# Possible structure of group of order $pq$ where $p$ and $q$ are distinct primes *but* neither $P$ nor $Q$ is normal in $G$

I have a some confusion regarding the accepted answer solution here: Structure of groups of order $pq$, where $p,q$ are distinct primes.

Consider a group $$G$$ with order $$pq$$ where $$p$$ and $$q$$ are distinct primes. Let $$P$$ be a subgroup of $$G$$ with order $$p$$ and $$Q$$ be a subgroup with order $$q$$ (from Sylow's theorems we know these exist cf. this). The assumption $$q \pmod p \neq 1$$ implies $$P$$ is normal in $$G$$ and $$p \pmod q \neq 1$$ implies that $$Q$$ is normal in $$G$$. We need at least one of these assumptions to write $$G$$ as a semi-direct product of $$P$$ and $$Q$$. The accepted solution to the other questions does that.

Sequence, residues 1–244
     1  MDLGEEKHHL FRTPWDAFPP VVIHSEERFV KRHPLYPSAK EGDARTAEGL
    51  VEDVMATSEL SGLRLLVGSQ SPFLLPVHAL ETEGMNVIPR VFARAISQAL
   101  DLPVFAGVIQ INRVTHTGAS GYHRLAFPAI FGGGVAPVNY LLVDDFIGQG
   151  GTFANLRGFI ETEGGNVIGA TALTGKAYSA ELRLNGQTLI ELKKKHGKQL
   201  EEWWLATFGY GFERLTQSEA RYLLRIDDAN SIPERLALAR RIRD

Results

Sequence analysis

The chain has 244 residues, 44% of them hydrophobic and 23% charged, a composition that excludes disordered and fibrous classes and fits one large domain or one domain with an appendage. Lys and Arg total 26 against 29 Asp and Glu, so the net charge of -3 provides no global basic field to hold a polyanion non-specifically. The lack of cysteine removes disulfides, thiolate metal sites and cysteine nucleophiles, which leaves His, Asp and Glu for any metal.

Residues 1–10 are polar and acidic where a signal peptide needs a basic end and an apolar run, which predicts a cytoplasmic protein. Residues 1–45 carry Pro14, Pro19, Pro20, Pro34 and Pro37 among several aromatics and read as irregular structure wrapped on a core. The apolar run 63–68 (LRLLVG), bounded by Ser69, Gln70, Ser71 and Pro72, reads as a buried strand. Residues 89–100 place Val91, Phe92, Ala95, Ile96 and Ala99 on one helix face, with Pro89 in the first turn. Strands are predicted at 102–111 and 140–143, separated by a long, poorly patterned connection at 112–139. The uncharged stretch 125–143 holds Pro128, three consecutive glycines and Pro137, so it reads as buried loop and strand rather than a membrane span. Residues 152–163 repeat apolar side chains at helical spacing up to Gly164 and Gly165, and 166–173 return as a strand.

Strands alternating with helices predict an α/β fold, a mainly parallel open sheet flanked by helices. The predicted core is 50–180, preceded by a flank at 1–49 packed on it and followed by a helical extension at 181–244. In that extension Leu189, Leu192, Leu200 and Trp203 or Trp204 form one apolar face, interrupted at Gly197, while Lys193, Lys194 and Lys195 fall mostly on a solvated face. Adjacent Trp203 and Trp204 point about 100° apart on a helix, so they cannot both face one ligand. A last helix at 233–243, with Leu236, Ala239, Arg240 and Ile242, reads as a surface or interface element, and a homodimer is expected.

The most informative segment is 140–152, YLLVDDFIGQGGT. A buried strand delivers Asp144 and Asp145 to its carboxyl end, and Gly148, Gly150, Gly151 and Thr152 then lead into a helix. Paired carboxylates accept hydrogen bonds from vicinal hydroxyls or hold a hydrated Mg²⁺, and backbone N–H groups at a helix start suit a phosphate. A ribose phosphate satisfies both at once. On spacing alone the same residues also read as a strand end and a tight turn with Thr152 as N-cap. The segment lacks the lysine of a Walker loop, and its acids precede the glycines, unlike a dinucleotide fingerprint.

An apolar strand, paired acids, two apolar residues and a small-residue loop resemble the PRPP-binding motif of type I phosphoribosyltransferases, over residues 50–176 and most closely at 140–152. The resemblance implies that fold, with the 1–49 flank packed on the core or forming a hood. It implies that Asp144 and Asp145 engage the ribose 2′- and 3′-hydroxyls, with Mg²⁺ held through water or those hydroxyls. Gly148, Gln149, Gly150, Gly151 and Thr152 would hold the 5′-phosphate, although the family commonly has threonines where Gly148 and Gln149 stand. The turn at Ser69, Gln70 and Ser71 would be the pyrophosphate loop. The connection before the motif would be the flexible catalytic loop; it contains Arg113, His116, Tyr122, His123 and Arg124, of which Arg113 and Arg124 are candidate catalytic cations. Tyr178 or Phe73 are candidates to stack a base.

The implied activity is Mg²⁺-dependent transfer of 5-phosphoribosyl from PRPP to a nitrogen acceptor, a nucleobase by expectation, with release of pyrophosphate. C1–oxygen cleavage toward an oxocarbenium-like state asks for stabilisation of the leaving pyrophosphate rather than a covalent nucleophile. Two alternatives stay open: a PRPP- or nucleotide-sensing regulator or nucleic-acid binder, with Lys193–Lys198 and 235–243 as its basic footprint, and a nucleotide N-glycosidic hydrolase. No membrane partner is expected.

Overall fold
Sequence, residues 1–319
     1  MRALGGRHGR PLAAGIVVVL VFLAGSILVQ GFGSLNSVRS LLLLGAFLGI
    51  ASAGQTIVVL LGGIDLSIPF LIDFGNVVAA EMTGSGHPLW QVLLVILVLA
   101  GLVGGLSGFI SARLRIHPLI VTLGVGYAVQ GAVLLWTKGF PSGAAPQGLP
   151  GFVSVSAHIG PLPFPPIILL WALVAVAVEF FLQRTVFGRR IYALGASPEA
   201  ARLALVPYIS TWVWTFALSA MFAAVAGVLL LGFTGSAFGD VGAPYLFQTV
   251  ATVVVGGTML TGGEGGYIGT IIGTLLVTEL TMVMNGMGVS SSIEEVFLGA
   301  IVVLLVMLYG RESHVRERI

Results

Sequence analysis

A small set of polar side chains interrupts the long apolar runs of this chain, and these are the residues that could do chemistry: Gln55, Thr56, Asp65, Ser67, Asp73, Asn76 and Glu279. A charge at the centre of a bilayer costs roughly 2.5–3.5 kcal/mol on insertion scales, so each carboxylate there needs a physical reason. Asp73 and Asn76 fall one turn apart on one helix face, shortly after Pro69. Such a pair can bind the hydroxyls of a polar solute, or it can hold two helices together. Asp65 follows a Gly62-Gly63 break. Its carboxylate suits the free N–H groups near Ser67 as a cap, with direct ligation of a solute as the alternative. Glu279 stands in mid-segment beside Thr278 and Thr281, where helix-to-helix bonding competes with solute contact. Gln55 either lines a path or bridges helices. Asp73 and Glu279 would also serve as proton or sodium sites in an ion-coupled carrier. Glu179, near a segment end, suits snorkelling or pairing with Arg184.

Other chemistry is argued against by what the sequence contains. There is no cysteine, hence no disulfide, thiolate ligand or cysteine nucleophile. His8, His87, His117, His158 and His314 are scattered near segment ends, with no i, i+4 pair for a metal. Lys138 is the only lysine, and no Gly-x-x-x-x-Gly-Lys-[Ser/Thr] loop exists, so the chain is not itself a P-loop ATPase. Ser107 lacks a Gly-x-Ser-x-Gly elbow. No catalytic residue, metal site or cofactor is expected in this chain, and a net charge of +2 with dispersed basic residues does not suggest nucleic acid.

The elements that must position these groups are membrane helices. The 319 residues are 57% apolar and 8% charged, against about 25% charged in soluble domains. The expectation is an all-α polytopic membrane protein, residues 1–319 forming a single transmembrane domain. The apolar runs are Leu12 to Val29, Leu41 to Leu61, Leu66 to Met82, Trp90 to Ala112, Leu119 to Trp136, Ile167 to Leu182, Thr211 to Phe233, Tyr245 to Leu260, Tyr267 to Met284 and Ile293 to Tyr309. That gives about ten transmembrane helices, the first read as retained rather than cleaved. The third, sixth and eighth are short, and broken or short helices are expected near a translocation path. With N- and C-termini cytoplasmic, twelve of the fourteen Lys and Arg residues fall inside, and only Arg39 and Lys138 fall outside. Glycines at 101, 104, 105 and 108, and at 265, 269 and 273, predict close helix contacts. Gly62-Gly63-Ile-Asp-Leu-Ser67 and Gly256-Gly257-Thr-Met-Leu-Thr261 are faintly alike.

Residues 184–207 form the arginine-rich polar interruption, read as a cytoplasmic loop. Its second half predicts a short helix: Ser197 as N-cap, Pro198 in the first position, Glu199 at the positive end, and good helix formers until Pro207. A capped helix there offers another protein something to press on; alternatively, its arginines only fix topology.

But what happens if neither of these assumptions hold true, and neither $$P$$ nor $$Q$$ is normal in $$G$$? Then we can no longer write $$G\cong C_p\rtimes C_q$$ or $$G\cong C_q\rtimes C_p$$ (because for writing a group as a semi-direct product of its subgroups, at least one of the subgroups must be normal cf. Wikipedia). How would the group structure look in that case and how to write a mathematical description of it? The accepted answer does not deal that case and I'm not sure if I'm missing something.

Perhaps at least one of the subgroups $$P$$ or $$Q$$ simply has to be normal? But why?

• If neither $P$ nor $Q$ is normal, then perhaps, $G$ might be a Zappa-Szep product of $P$ and $Q$. – Geoffrey Trang Apr 10 at 15:58
• @GeoffreyTrang Maybe, but I think it's more probable that in this context the subgroup $P$ (s.t. $p > q$) is necessarily normal as hinted by this answer. I just don't know how to prove it. – S.D. Apr 10 at 16:02

The situation where neither $$P$$ nor $$Q$$ is normal never occurs. This is because if $$q \equiv 1 \pmod p$$, then $$1, so $$p \not\equiv 1 \pmod q$$.